Thursday, 12 February 2009

The best-laid plans

After a shouting match yesterday morning at getting-dressed-and-out-the-door time, I decided to try a different approach today. I decided that we would make sure R was dressed at least an hour before she had to leave the house.

This was achieved by refusing to play doctors, shops or anything with her until she was dressed. I told she could play on her own in her pyjamas, but that I wouldn't join in, unless she was dressed. She played by herself for about 5 minutes and then came over to me, asking 'Do you want to play Doctors?'. When I said 'No, not until you're dressed,' she said, 'OK.' and got dressed. Wow! I was so pleased and proud of both of us. No shouting, no tears, no door slamming. Hoorah.

Half an hour later, she had an accident and her trousers, tights and knickers had to come off. Would she put a fresh lot on? Nope. She spent the next 15 minutes playing on her own with nothing on her lower half, refusing every time I suggested she get dressed. Grr!

But... I still managed to avoid shouting. She stopped playing and went and sat at the table to finish her breakfast (about 10 minutes before we had to leave). So, I brought the clothes through and said 'Why don't we see if I can manage to put your clothes on you, while you eat your breakfast. Do you think I can manage it?' She was game for the challenge and we did manage it without either of us getting cross.

But can I manage it all the time? Do I have enough imagination to come up with a new game or challenge every time she starts being contrary? We shall see.

Oh, yes, and I was so excited that I was jumping about saying 'Don't you have an ingenious mum? Isn't Mummy ingenius?' and she turned to me, put her head to one side and said 'Yes, Mummy. You are a genius.' Now, if only everyone else would concur!


  1. Ah yes the getting a young child dressed in the morning thing.
    If I was asked to put an octopus in a bag I'd probably have more luck.
    Believe me, it's not just you. I'm there every morning chasing my daughter around the house trying to put something on her. Good exercise though!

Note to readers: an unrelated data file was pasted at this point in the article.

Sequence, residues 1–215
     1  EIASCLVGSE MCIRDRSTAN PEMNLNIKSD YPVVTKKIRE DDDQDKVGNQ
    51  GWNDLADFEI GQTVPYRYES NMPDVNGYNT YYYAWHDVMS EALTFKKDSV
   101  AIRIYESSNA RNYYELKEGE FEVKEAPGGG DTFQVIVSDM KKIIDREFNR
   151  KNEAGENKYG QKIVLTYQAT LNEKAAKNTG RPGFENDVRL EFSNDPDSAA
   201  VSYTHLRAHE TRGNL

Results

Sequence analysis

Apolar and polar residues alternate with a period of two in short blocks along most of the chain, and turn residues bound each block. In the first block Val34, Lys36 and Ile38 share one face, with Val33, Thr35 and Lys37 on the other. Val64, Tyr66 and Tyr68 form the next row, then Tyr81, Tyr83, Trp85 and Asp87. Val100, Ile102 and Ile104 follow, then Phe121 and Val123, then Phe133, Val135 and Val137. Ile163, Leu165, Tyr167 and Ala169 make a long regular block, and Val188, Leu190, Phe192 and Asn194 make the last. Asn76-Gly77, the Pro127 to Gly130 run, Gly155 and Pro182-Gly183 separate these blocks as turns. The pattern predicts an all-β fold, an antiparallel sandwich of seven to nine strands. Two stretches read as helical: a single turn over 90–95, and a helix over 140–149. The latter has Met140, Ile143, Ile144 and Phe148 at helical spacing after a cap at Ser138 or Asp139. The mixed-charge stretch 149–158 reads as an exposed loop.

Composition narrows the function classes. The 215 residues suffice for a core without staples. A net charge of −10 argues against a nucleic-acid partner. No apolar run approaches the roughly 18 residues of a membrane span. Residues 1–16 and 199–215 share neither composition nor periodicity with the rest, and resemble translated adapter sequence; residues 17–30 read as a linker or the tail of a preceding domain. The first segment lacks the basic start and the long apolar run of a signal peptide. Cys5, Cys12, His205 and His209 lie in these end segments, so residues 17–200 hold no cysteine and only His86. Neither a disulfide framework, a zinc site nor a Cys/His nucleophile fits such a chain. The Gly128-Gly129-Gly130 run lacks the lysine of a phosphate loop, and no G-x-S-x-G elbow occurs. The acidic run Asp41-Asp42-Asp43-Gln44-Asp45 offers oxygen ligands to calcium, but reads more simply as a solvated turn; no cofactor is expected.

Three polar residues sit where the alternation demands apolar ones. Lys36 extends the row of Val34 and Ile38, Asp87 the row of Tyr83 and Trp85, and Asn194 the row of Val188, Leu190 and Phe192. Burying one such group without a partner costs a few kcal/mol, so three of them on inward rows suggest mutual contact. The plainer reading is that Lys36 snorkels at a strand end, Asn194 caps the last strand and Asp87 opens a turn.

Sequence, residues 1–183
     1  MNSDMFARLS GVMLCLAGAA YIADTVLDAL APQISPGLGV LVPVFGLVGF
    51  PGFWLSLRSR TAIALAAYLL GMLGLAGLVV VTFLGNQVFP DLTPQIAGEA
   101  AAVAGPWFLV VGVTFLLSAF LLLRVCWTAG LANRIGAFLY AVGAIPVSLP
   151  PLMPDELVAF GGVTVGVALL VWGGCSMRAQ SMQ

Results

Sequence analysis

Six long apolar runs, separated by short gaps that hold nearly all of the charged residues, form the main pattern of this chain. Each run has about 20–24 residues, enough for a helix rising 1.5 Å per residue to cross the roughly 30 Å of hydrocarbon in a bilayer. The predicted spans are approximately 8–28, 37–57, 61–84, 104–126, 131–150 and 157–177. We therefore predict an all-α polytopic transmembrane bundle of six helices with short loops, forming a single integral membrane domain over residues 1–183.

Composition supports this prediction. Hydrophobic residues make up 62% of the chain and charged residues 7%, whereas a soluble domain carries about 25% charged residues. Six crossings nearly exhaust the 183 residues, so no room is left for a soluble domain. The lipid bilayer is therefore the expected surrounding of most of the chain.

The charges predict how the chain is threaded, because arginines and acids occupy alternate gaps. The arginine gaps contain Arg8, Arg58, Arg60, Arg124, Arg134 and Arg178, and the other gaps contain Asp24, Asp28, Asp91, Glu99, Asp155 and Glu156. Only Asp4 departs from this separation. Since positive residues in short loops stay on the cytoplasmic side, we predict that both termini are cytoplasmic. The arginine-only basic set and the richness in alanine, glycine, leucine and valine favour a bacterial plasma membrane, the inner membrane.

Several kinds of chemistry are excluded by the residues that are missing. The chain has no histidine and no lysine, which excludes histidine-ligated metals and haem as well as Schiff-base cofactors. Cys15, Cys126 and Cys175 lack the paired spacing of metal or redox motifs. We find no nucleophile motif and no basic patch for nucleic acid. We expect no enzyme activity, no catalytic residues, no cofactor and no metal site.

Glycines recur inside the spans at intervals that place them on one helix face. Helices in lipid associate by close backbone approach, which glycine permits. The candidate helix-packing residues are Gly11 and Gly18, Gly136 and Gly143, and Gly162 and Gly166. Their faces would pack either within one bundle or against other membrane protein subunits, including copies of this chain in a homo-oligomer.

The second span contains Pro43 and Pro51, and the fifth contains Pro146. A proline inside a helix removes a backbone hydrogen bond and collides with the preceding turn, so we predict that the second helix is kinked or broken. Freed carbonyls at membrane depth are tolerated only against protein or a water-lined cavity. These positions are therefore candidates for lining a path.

2. And then the preschool goes and has "pyjama day" and that just about ruins any progress you've made, forever.

  3. Tara: I have in my head that it's going to improve once she can do it herself. That it's her asserting her independence, yet not being able to actually do it. I may be deluding myself.

    Iota: Pyjama days?! Surely not. What crazy person would have invented them?

  4. Oh God - I have a similar drama every day with my 3 year old son and got to the point this morning where I just didn't have either the energy or inclination to either be creative or chase him from room to room. I asked him nicely to get dressed. About 5 times. He refused, thinking this was a great game. I left the house with the 5 year old, shouting a cheerful 'bye' over my shoulder as the door shut. That boy has never got dressed so quickly in his life. Of course, I only stood outside and I did feel guilty that he got so panicked and upset. Maybe not one of my best parenting experiences - but this morning it was just a case of 'whatever works'.

  5. Nicola: Wow! That was good thinking. Though it will probably only work one or more times, before he realises you're not actually going to leave him on his own. They're far too clever for us, really, these little ones! It must be doubly difficult when you've got to get an older one to school.

  6. Pyjama days are my best! I love them! Then I don't have to get anyone dressed and nobody looks at me strangely either, they just think that I have lots of school spirit.
    It's rather humiliating to me that Four, who will be five in May doesn't seem to know how to dress herself whereas all of her friends clearly do. Actually she can do the easy bits saves the inconvenience of socks for the staff. One prefers to co-operate during the undressing phase but then make a break for it as soon as he is stark bollock naked and gleefully runs for the nearest outside door. Then he wiggles, shrieks, bites and simultaneously takes off whatever you have just put on at the other end of his body while you attend to the other half. Looking forward to summer when they can just be naked. I don't care.

  7. Tash, you ARE a genius :) I am very impressed with your calm parenting; I, on the other hand, have been a banshee mother today, for no real reason other than I am stressed by the thought of the girls' baptism and birthday (nice combo, I thought...) party tomorrow :(

  8. Mothership: I'm not hugely bothered about running around naked (*), but I'm not sure the nursery school would appreciate it. In fact, last summer I saw a mum being told off by two police officers, because her daughter was naked. I have a feeling they were following up on some busy-body's complaint and that, technically, it would be illegal, but I don't think the police go around telling off toddlers for taking their clothes off as a matter of course, somehow.

    (*) Not me! Certain firey places would have to have an ice age before I exposed my blobbiness to, well, anyone really.

    MTJAM: Thank you. I was not at all calm this evening at bedtime. C had to take over, because I was doing high-pitched, hysterical shouting, instead of calm but firm voice. (Can you tell it was mostly my turn to not work today?!)

    Happy Birthday and Baptism Day to the girls. Hope it goes well and, yes, you are completely nuts combining the two! Though I suppose you get the stress out of the way quicker.